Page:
- ↵Greif R, Lockey AS, Conaghan P, Lippert A, De Vries W, Monsieurs KG; Education and implementation of resuscitation section Collaborators . European Resuscitation Council Guidelines for Resuscitation 2015: section 10. Education and implementation of resuscitation. Resuscitation. 2015;95:288–301.
- ↵Perkins GD, Lockey AS, de Belder MA, Moore F, Weissberg P, Gray H; Community Resuscitation Group . National initiatives to improve outcomes from out‐of‐hospital cardiac arrest in England. Emerg Med J. 2016;33:448–451.
- ↵Bottiger BW, Bossaert LL, Castren M, Cimpoesu D, Georgiou M, Greif R, Grunfeld M, Lockey A, Lott C, Maconochie I, Melieste R, Monsieurs KG, Nolan JP, Perkins GD, Raffay V, Schlieber J, Semeraro F, Soar J, Truhlar A, Van de Voorde P, Wyllie J, Wingen S; Board of European Resuscitation Council . Kids Save Lives—ERC position statement on school children education in CPR.: “Hands that help ‐ Training children is training for life”. Resuscitation. 2016;105:A1–A3.
- ↵Hart D, Flores‐Medrano O, Brooks S, Buick JE, Morrison LJ. Cardiopulmonary resuscitation and automatic external defibrillator training in schools: “is anyone learning how to save a life?”. CJEM. 2013;15:270–278.
- ↵Semeraro F, Wingen S, Schroeder DC, Ecker H, Scapigliati A, Ristagno G, Bottiger BW. KIDS SAVE LIVES implementation in Europe: a survey through the ERC Research NET. Resuscitation. 2016;107:e7–e9.
- ↵Undervisningsministeriet . Fælles Mål 2009 Færdselslære. Faghæfte 20. Undervisningsministeriets håndbogsserie. In.; 2009.
- ↵Wissenberg M, Lippert FK, Folke F, Weeke P, Hansen CM, Christensen EF, Jans H, Hansen PA, Lang‐Jensen T, Olesen JB, Lindhardsen J, Fosbol EL, Nielsen SL, Gislason GH, Kober L, Torp‐Pedersen C. Association of national initiatives to improve cardiac arrest management with rates of bystander intervention and patient survival after out‐of‐hospital cardiac arrest. JAMA. 2013;310:1377–1384.
- ↵Hansen CM, Lippert FK, Wissenberg M, Weeke P, Zinckernagel L, Ruwald MH, Karlsson L, Gislason GH, Nielsen SL, Kober L, Torp‐Pedersen C, Folke F. Temporal trends in coverage of historical cardiac arrests using a volunteer‐based network of automated external defibrillators accessible to laypersons and emergency dispatch centers. Circulation. 2014;130:1859–1867.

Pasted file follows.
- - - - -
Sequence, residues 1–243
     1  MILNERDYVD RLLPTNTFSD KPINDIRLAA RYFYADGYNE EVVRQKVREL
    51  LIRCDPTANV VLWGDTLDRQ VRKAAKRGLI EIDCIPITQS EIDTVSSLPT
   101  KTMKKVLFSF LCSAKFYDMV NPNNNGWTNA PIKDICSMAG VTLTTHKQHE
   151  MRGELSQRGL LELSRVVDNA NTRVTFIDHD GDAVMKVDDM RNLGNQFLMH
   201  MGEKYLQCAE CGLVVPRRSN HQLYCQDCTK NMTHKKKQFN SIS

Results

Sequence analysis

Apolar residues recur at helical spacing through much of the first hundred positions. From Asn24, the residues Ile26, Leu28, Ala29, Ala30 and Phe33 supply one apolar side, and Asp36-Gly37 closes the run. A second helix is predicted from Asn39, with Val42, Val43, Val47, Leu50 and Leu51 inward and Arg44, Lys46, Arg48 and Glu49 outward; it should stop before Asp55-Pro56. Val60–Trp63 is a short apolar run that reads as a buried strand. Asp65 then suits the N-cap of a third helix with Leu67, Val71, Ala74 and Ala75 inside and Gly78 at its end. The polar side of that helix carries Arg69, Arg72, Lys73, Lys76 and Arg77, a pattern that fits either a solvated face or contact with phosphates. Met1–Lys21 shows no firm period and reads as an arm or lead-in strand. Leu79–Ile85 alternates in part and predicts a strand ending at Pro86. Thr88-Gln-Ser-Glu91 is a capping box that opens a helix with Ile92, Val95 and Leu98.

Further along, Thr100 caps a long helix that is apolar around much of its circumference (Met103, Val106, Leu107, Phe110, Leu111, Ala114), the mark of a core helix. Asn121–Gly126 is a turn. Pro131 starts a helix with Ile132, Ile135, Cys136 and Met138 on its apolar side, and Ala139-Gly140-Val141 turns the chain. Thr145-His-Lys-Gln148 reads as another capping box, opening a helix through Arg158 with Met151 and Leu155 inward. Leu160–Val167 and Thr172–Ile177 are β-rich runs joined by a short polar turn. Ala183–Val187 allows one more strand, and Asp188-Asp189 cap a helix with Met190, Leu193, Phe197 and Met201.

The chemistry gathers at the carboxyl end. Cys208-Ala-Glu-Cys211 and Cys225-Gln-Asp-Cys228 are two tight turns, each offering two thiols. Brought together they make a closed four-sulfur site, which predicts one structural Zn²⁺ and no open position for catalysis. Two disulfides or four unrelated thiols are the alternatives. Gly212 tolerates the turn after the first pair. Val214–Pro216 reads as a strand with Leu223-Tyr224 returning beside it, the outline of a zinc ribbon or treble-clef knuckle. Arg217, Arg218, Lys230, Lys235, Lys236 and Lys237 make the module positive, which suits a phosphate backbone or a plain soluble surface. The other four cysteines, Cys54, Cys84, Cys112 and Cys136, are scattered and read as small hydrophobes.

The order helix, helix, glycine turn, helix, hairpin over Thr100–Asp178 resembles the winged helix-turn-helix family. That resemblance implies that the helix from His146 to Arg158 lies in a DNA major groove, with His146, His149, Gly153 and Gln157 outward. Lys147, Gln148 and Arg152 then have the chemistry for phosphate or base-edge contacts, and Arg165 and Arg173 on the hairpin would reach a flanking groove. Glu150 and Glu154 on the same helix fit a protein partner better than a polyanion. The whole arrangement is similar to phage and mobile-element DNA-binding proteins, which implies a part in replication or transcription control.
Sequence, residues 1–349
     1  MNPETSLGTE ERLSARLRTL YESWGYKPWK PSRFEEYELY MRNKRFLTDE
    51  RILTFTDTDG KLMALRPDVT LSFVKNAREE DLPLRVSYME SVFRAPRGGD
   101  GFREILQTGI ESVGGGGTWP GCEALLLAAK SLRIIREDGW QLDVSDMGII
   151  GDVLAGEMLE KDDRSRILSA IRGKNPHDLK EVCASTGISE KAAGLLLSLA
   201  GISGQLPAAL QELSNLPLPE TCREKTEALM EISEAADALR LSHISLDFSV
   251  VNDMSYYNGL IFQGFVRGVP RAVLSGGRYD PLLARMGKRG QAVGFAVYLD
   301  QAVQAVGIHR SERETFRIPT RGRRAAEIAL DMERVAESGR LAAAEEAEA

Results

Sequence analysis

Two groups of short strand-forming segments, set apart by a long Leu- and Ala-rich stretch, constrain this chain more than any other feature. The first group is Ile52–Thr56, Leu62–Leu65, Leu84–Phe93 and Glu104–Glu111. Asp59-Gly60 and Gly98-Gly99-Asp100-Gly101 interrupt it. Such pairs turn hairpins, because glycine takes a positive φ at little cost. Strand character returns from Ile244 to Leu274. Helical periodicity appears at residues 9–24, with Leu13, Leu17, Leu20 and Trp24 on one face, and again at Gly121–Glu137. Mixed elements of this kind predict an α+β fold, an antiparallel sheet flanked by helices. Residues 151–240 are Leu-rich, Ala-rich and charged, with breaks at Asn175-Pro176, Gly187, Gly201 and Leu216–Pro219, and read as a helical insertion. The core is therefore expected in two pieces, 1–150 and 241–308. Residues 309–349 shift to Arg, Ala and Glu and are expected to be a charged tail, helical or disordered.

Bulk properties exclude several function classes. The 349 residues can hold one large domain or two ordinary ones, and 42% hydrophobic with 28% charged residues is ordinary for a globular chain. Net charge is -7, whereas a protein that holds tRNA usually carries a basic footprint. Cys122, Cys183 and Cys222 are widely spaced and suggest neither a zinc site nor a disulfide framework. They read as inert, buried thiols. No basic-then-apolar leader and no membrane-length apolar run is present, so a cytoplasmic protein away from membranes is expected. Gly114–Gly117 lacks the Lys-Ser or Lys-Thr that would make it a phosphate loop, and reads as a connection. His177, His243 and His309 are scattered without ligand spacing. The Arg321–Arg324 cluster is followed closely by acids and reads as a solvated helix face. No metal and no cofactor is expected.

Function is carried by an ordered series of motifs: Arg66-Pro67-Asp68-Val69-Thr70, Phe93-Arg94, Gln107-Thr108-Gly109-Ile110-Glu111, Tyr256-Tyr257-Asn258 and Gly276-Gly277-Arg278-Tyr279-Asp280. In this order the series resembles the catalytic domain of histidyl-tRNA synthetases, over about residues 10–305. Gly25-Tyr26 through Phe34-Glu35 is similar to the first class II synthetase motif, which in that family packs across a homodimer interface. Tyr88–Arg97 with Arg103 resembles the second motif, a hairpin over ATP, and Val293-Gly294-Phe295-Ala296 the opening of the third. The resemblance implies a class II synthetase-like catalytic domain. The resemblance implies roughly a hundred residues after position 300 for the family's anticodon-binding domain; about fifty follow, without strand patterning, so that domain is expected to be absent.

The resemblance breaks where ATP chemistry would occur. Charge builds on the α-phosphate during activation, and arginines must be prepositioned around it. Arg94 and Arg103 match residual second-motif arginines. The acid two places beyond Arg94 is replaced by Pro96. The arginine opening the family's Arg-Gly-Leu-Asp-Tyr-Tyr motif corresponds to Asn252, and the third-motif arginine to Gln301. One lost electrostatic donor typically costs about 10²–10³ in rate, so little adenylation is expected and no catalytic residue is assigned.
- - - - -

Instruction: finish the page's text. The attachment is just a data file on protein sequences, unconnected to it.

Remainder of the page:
- ↵Isbye DL, Rasmussen LS, Ringsted C, Lippert FK. Disseminating cardiopulmonary resuscitation training by distributing 35,000 personal manikins among school children. Circulation. 2007;116:1380–1385.
- ↵Undervisningsministerium . Fælles Mål 2009 Færdselslære. 2009. Available at: https://www.google.com/url?sa=t&rct=j&q=&esrc=s&source=web&cd=1&cad=rja&uact=8&ved=0ahUKEwj60f6U8OjRAhWFWCYKHfUaAW0QFggZMAA&url=https%3A%2F%2Fwww.uvm.dk%2F-%2Fmedia%2FPublikationer%2F2009%2FFolke%2FFaelles-Maal%2FFiler%2FFaghaefter%2F110902_faerdsel_11.ashx&usg=AFQjCNF2A6vFYRa4iQRb_UzfO0dboOcmxw&sig2=xfC8HDkEADW9__K9fD8B-A. Accessed January 29, 2017.
- ↵Zinckernagel L, Malta Hansen C, Rod MH, Folke F, Torp‐Pedersen C, Tjornhoj‐Thomsen T. What are the barriers to implementation of cardiopulmonary resuscitation training in secondary schools? A qualitative study BMJ Open. 2016;6:e010481.
- ↵Salvatierra GG, Palazzo SJ, Emery A. High school CPR/AED training in Washington state. Public Health Nurs. 2016. Available at: http://onlinelibrary.wiley.com/wol1/doi/10.1111/phn.12293/full. Accessed March 2, 2017.
- ↵Undervisningsministerium . Institution Registry, Ministry for Children and Education. 2011. Available at: http://statweb.uni-c.dk/InstRegUdtraek/. Accessed January 29, 2017.
- ↵Patton MQ. Qualitative Research & Evaluation Methods. 3rd ed. Thousand Oaks, CA: Sage Publications; 2002.
- ↵Francis JJ, Eccles MP, Johnston M, Walker A, Grimshaw J, Foy R, Kaner EFS, Smith L, Bonetti D. Constructing Questionnaires Based on the Theory of Planned Behavior: A Manual for Health Services Researchers. Newcastle Upon Tyne, United Kingdom: Centre for Health Services Research; 2004. Available at: http://openaccess.city.ac.uk/1735/. Accessed February 29, 2016.
- ↵Willis GB. Cognitive Interviewing: a tool for improving questionnaire design. 1st Ed. Thousand Oaks, CA: Sage Publications; 2005.
- ↵Scott NW, Fayers PM, Aaronson NK, Bottomley A, de Graeff A, Groenvold M, Gundy C, Koller M, Petersen MA, Sprangers MA; EORTC Quality of Life Group and the Quality of Life Cross‐Cultural Meta‐Analysis Group . Differential item functioning (DIF) analyses of health‐related quality of life instruments using logistic regression. Health Qual Life Outcomes. 2010;8:81.
- ↵Mpotos N, Vekeman E, Monsieurs K, Derese A, Valcke M. Knowledge and willingness to teach cardiopulmonary resuscitation: a survey amongst 4273 teachers. Resuscitation. 2013;84:496–500.
- ↵Jimenez‐Fabrega X, Escalada‐Roig X, Miro O, Sanclemente G, Diaz N, Gomez X, Villena O, Rodriguez E, Gaspar A, Molina JE, Salvador J, Sanchez M. Comparison between exclusively school teacher‐based and mixed school teacher and healthcare provider‐based programme on basic cardiopulmonary resuscitation for secondary schools. Emerg Med J. 2009;26:648–652.
- ↵Lukas RP, Van Aken H, Molhoff T, Weber T, Rammert M, Wild E, Bohn A. Kids save lives: a six‐year longitudinal study of schoolchildren learning cardiopulmonary resuscitation: who should do the teaching and will the effects last? Resuscitation. 2016;101:35–40.